March 15, 2016
You face communication challenges with patients every day in your pharmacy.
Patients may be uninformed, hostile or reluctant to listen to your expert advice. And you know that miscommunication can result in non-adherence, patient confusion or a loss of profit for your business.
Here are three common communication problems and solutions for how to handle them.
Technical jargon and difficult-to-pronounce prescription medication names are second nature to you. It may be difficult at times to remember that not everyone is as comfortable with this language as you are. Some patients might not even know that there are brand and generic drugs, for example.
If you don’t speak to your patients in a way that they can understand, you risk confusing them, which can potentially lead to non-adherence or can leave patients with a bad impression of your business.
While technical jargon may be familiar to you, (you may not even realize you’re using it,) it’s imperative to speak in terms that your patients will understand.
Adjust your vocabulary for patients. Avoid acronyms and explain specialized language in terms that anyone could comprehend.
Your patients will appreciate that you took the time to explain in easy-to-understand terms.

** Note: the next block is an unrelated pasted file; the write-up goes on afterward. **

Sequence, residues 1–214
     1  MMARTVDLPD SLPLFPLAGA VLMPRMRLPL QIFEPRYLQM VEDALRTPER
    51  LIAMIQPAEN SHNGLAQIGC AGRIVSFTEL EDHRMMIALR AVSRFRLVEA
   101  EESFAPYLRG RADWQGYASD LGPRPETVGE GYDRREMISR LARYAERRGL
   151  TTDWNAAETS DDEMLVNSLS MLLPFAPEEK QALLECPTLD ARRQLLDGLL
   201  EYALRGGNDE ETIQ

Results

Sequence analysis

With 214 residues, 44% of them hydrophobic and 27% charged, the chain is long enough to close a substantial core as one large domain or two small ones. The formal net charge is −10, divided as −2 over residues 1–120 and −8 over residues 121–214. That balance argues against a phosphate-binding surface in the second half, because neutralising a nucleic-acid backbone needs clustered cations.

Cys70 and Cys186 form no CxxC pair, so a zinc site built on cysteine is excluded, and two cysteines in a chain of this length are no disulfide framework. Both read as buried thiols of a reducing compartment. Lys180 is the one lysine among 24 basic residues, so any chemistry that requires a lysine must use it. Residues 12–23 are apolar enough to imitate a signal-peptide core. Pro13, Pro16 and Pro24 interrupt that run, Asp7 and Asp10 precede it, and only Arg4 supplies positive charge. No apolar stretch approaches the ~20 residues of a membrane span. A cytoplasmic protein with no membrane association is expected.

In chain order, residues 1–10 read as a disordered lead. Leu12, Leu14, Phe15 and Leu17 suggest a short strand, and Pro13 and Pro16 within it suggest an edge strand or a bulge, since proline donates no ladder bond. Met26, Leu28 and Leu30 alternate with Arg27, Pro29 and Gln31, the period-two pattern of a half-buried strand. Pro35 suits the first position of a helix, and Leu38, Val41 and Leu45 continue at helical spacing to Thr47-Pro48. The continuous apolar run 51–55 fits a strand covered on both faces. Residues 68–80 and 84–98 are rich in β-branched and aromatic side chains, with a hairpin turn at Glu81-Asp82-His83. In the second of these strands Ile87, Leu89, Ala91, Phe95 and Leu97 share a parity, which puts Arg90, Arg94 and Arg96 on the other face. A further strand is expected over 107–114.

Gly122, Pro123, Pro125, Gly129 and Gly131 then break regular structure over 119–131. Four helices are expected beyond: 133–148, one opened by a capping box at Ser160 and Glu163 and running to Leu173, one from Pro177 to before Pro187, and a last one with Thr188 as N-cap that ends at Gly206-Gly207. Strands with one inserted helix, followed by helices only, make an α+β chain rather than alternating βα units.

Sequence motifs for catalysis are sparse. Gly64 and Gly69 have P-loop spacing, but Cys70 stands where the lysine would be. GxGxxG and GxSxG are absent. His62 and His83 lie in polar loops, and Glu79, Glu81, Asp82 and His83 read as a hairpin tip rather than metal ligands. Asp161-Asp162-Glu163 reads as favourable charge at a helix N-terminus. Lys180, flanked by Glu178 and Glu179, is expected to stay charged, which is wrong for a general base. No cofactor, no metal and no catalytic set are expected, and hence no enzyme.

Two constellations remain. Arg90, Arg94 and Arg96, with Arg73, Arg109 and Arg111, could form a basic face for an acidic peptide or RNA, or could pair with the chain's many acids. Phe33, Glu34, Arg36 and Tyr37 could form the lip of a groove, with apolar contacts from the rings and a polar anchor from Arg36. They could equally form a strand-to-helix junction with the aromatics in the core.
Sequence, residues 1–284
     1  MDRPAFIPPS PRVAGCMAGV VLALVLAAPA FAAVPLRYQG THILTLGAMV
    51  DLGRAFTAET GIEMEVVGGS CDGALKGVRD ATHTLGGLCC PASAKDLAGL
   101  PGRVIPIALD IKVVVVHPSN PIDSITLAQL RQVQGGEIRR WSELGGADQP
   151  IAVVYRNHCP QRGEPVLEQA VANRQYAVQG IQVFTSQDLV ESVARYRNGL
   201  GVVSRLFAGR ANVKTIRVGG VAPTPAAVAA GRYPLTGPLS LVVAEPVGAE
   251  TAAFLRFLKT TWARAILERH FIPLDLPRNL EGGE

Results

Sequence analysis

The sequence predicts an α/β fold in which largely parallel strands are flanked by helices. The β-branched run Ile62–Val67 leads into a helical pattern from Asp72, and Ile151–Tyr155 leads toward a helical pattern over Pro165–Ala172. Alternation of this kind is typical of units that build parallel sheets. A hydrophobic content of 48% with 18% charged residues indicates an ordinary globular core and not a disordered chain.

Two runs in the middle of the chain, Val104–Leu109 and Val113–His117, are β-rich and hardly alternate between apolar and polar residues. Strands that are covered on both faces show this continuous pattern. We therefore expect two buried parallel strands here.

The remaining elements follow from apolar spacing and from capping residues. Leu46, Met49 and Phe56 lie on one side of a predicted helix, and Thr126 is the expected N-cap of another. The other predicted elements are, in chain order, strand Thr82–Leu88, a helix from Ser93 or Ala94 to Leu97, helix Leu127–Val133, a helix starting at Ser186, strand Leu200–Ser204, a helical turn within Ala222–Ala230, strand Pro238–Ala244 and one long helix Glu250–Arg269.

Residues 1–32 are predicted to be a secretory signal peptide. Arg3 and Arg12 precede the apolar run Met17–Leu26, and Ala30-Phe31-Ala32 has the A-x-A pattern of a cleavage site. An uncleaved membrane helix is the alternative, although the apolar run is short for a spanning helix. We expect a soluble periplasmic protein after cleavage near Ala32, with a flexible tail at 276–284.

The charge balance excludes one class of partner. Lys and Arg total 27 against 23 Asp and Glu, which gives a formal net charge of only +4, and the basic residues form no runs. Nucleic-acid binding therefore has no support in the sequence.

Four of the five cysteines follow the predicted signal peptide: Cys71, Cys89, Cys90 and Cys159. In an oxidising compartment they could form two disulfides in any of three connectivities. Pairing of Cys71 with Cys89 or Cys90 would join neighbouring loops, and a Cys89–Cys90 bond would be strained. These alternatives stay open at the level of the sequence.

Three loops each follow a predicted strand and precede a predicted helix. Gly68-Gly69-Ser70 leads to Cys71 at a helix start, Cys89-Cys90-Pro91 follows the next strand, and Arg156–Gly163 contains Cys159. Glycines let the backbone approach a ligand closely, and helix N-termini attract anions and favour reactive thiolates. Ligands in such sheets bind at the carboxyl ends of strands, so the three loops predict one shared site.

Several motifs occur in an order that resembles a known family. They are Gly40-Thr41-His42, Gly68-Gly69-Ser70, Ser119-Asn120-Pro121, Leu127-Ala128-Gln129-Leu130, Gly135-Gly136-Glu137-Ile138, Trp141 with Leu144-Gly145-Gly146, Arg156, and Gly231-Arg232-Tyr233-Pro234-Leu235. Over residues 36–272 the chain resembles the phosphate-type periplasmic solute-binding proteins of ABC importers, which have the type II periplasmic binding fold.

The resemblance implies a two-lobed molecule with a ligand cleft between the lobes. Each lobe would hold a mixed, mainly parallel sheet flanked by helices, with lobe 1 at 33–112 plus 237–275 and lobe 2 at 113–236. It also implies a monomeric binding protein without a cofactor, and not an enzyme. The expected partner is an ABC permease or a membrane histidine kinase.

You’ve probably had many instances of patients being confused or uncertain about why they’re being prescribed a medication. Although the initial miscommunication is between the physician and the patient, if you take the initiative to dispel a patient’s confusion, you’ll build your relationship with her and encourage her to return to your pharmacy.
It’s important to have open communication with your patients and their physicians. When you have good relationships with your patients and local physicians, you’ll make patients’ lives easier.
Maintaining a consistent conversation between all parties will ensure that your patients receive the best care possible.
You’re probably used to talking with agitated patients. Maybe a patient is angry that her prescription isn’t covered by her insurance, or maybe you’ve worked with a patient who’s reluctant to take a new medication.
Without proper communication, speaking to these patients could result in a real dilemma.
As an independent community pharmacist you know how important it is to provide top-notch customer service, even in difficult situations. When dealing with a hostile or reluctant patient, it’s important to listen, speak calmly and know when and how to offer your help.
If a patient becomes flustered or irate, remember to empathize and be patient. Acknowledge the patient’s concerns and offer to personally contact his physician if needed. Or, offer a discount or coupon, if a patient has to wait for a long period or in other similar situations. Putting your patients’ needs first will let them know that you care, even when they may not be pleased.
Learn how to deliver an even better in-store experience for your patients.